By Andrew Leckey
Tribune Media Services columnist
January 6, 2008
A: The leading supplier of networked computing products, which stumbled badly for several years after the Internet bubble burst, had $89 million in net income in its first fiscal quarter, which ended Sept. 30.
That marked the first time it recorded four consecutive quarters of profits in more than five years. Cost-cutting, which included significant job cuts, has been paying off. It also is gaining market share in its server and storage businesses.
Yet, overall sales growth continues to be slow and the company predicts low to middle single-digit revenue expansion in its current fiscal year.
Sun Microsystems (JAVA) recently enacted a 1-for-4 reverse split in order to raise its low price. Its stock value has declined 15 percent in 2007, following a 29 percent gain in 2006 and a 22 percent drop in 2005.
The firm does have plenty of cash and a strong balance sheet. An encouraging sign was the $700 million investment in Sun by KKR Private Equity Investors early this year, in which KKR also received a seat on the Sun board.
Sun's businesses include servers, storage, software and services, with two-thirds of its revenues coming from hardware. Its new strategy is to shift away from its longstanding business model of proprietary products.
By open-sourcing its Solaris software and Java software-development platform, Sun believes it can derive more money from hardware and from software maintenance. It has also begun to offer industry-standard x86 computers.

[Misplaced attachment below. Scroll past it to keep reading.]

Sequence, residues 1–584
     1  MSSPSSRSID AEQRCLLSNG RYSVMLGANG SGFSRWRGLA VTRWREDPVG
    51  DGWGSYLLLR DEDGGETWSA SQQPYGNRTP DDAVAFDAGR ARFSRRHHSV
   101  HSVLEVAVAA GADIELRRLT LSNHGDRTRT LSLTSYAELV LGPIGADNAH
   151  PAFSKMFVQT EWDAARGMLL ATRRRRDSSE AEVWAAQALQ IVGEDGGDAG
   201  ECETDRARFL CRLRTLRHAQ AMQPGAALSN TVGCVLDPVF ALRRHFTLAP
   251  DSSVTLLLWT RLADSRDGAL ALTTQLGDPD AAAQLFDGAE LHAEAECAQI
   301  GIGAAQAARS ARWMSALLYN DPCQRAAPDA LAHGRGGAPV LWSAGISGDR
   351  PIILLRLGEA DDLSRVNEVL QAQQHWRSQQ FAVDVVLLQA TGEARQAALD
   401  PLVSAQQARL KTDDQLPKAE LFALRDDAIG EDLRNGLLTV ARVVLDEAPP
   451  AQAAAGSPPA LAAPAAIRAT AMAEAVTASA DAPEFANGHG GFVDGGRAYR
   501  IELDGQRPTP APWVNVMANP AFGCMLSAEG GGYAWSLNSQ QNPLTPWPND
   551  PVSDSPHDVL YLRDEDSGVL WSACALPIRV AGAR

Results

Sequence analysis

Because results of its changes are uncertain, consensus analyst rating of Sun stock is "hold," according to Thomson Financial. That consists of three "strong buys," four "buys," 10 "holds" and two "underperforms."
An ongoing challenge in the server market is higher-end competitor IBM Corp., with Dell Inc. at the lower end. Hewlett-Packard Co. competes at both ends. These companies have greater financial resources than Sun, which means more product and service depth. Sun also must deal with a growing customer trend of substituting lower-end servers for higher-end ones.
Sun, which has grown largely through acquisitions, remains energetic. It expects to double its sales in China over three years. Japan has chosen it to create an open-source Internet-based architecture to file government forms online. Other nations, including Singapore and Norway, have selected it to manage their information flow.
Earnings are expected to rise 108 percent in its current fiscal year and 32 percent the following year. Its five-year annualized growth rate is projected to be 9 percent.
Q: CGM Focus Fund has had fantastic returns, but I don't often see it mentioned as a good fund to buy. Is it worth considering? -- M.B., via the Internet
A: In most other portfolio managers' hands, this fund would be considered too hot to handle.
But experienced manager Ken Heebner has proven to be bold, intuitive and capable of effectively handling risk. Although his furious trading, big sector bets and concentrated portfolio of 25 or fewer stocks can produce significant sudden drops in value, it is difficult to quibble with his longer-term results.